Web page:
David shared with the group his profound feelings on being, for a few moments, alone with his thoughts in the icy stillness of Mawson's Hut. He sensed a day, 100 years ago, frozen in time, with small, every-day mementos of a normal day in the life of an AAE expeditioner scattered about him. The men of the AAE are long gone, indeed long dead, but their spirits remain. That sensation is enough to stop the breath. David recalled the honour of helping raise the national flag at a ceremony held hard by the huts. As the flag rose into a blue sky, it hung motionless beside the pole, a rare occurrence in the “home of the blizzard”.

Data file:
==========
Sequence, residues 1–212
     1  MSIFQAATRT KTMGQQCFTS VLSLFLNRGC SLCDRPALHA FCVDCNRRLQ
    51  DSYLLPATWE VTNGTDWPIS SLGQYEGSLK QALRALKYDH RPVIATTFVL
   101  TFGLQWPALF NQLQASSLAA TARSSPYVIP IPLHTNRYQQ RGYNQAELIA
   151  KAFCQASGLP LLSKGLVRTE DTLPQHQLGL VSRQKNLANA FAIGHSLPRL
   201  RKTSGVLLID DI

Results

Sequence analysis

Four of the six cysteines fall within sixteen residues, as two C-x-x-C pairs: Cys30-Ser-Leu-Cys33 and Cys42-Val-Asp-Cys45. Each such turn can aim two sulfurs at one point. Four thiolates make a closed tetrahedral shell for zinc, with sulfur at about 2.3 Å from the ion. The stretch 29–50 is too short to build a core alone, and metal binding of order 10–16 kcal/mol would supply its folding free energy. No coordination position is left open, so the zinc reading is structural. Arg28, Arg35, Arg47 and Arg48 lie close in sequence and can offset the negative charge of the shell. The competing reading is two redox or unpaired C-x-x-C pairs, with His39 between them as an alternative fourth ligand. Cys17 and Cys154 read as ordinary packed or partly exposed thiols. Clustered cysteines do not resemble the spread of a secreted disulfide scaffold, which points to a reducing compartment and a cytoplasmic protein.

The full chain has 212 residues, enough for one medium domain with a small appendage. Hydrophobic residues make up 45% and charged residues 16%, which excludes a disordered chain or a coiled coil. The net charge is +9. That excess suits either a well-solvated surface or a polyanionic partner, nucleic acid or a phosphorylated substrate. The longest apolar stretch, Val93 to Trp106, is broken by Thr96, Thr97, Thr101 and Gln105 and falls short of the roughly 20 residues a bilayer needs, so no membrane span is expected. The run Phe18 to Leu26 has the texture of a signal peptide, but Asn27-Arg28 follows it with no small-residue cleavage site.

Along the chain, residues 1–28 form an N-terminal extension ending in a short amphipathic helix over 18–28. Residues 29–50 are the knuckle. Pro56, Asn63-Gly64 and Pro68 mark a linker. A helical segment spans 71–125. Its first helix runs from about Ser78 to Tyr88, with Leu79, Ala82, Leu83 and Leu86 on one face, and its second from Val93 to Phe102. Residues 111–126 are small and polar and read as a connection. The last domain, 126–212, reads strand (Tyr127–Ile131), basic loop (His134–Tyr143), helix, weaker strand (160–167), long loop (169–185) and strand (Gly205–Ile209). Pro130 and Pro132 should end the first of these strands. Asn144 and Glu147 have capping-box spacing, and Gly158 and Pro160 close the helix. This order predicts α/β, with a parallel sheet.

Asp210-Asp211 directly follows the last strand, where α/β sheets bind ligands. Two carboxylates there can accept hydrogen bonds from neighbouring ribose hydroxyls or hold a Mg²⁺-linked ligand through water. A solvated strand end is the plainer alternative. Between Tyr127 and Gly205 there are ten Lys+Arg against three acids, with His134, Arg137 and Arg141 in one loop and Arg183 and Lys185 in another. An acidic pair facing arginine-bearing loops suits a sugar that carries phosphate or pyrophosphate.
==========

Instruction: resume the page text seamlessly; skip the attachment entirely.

We were honoured to have with us Dr Martin Riddle, a leading scientist with the Division (and winner of the 2011 Law Medal). He drew parallels between the achievements of the AAE and current AAD activities. It was appropriate that in this centenary year the Aurora Australis, having left Commonwealth Bay, became a floating laboratory undertaking marine science research during the slow trip to Perth. Mawson would have approved. David commented that media interest in the centenary had been high, with corresponding attention world-wide, including through the ABC's Karen Barlow, 60 Minutes and Channel 7's Sunrise. He recommended interested persons to read both Karen Barlow’s and David Ellyard's blogs of the voyage.